While many entrepreneurs I met seem to be born that way, Slim helps make the case for the rest of us who can evolve to that point. The book addresses how to get started head on. It's filled with ideas and resources and well researched.
In his book, Pink explained how people get connected - with work opportunities and with each other - and why free agency has become such a large phenomenon. Slim continues the conversation by drilling down into more ways to transition to having a business, as well as expanding the definition of being self-employed: "You are always self-employed, no matter your tax designation."
Along the lines of that premise, I see opportunity to run a business even inside organizations, if one is willing to operate their function as if they had P&L accountability. What activities are tied to growth, expansion, developing assets and the positive side of the balance sheet? Are your success metrics quantifiable and do they respond to the business? Can you partner with a business mentor from another unit by volunteering to support their efforts in exchange for learning?
Very often, one of the most common responses I receive in a corporate setting is - this is not in my goals. While I get the limited time and resources available to do what is on the regular plate, learning to be entrepreneurial begins with being enterprising. Finding a better job can begin with reshaping the job you're in right now by helping solve bigger problems, for example.
This would take care of finding a mentor, which as Dr. Cathy Goodwin writes in her Amazon review may be hard without some form of compensation, and learning about P&L first hand, gaining experience and credibility in a new line of business while at the same helping the company where you work.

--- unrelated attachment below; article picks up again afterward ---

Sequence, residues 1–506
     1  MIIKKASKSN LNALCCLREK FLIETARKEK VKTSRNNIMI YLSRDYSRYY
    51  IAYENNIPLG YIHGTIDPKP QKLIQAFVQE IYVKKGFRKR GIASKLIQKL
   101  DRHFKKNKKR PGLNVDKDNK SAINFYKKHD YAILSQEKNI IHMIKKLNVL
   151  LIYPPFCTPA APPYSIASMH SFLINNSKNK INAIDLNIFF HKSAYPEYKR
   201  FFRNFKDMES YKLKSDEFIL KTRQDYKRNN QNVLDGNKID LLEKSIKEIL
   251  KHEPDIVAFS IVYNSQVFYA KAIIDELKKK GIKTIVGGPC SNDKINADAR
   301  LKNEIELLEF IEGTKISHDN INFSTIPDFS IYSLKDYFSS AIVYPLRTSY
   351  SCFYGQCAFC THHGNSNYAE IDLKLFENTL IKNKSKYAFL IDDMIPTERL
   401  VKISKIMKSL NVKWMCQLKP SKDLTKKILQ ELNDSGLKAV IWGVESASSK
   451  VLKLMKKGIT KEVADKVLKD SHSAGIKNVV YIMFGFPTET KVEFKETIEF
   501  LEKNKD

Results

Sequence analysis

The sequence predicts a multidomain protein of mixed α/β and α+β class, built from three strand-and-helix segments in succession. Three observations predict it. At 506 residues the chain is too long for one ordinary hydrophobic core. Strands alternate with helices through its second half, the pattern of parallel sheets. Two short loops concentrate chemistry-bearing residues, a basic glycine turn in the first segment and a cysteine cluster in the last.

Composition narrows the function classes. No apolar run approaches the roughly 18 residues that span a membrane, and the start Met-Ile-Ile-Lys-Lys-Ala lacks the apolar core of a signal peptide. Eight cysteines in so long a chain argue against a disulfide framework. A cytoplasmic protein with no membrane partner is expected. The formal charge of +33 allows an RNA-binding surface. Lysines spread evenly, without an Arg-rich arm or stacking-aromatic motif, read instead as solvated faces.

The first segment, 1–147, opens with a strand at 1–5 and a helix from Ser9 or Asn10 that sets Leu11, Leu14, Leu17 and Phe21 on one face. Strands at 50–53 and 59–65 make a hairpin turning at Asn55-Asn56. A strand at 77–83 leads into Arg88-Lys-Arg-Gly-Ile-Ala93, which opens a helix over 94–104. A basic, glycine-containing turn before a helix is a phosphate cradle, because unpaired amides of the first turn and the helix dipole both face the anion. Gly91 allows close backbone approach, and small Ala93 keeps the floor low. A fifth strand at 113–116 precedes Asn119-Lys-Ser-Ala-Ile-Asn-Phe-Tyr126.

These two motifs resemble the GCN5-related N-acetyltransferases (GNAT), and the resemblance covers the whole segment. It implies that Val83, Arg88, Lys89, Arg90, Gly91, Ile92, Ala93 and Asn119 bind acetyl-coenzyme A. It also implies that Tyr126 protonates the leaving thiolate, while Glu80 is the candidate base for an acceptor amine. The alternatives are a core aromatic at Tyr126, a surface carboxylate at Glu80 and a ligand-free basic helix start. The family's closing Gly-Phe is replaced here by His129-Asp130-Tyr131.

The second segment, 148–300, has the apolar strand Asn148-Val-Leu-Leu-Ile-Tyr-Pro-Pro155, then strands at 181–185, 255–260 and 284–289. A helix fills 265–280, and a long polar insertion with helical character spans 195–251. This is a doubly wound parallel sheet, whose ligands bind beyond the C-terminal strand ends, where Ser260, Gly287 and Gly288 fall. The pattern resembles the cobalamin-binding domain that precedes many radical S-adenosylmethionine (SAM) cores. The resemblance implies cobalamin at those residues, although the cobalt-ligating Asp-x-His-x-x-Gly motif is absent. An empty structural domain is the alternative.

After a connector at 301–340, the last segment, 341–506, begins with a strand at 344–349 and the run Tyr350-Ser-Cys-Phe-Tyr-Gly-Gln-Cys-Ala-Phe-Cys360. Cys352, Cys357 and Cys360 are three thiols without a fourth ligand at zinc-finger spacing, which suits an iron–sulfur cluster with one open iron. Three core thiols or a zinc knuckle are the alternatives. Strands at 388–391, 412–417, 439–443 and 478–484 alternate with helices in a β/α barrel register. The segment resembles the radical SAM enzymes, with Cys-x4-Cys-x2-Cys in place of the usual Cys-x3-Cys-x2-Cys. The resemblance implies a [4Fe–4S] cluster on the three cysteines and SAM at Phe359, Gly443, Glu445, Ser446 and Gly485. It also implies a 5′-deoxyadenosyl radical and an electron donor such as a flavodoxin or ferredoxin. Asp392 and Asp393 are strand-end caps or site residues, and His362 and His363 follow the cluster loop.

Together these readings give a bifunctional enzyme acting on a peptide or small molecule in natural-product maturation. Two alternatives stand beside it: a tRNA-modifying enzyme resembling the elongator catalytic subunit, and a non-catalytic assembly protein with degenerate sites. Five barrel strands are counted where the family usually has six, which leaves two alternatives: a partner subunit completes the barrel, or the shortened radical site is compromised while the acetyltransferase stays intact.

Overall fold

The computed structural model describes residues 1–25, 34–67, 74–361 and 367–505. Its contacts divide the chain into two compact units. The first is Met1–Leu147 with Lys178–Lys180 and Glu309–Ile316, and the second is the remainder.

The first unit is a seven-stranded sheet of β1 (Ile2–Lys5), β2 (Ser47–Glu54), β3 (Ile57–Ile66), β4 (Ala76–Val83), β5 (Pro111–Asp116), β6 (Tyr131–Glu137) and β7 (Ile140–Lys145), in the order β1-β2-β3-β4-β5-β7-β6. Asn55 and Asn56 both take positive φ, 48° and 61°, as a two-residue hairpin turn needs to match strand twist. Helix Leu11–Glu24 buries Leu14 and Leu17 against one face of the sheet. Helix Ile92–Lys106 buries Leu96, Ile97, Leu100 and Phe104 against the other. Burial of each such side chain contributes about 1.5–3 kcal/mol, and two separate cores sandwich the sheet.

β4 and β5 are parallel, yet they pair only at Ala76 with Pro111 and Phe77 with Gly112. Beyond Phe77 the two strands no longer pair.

Pink's book was a few years back, and we still haven't figured out the insurance, benefits (especially health costs), and the issues that arise from laws and taxes, and support networks are still gestating in many fields. Nevertheless, Slim provides solid and practical advice on finances - both on the physical side of things as in savings and logistics, and the mental side or how you need to prepare to think about finances.
Whether you're planning to make the leap to owning a business, or owning your job wherever that is, this book will help you frame some fundamental questions you need to find answers for. You answers will depend on the amount of work you'll be willing to put into your own career path.
The most helpful parts of the book to me were:
- the money game - loved the examples of how to plan goals by calculating services/costs ratios
- financial matters overall - this cannot be underestimated, preparation will go a long way
- organization and planning - both the practical and the philosophical parts
The book is a great reminder that it's a good idea not to delegate our careers to others. If you read the book, I'd love to hear your thoughts on how it has helped you, or questions you have that you'd like to see developed further.
I occasionally write book reviews - more often than not, I incorporate what I learn in a post.
Writing a book is hard work, and quite the accomplishment. John is waiting for fresh copies of his new book - Awesomely Simple: Essential Business Strategies for Turning Ideas into Action - to arrive. He agreed to let the most passionate about the topic among you have my copy. This further demonstrates he's a true member of the community. Who wants to go first?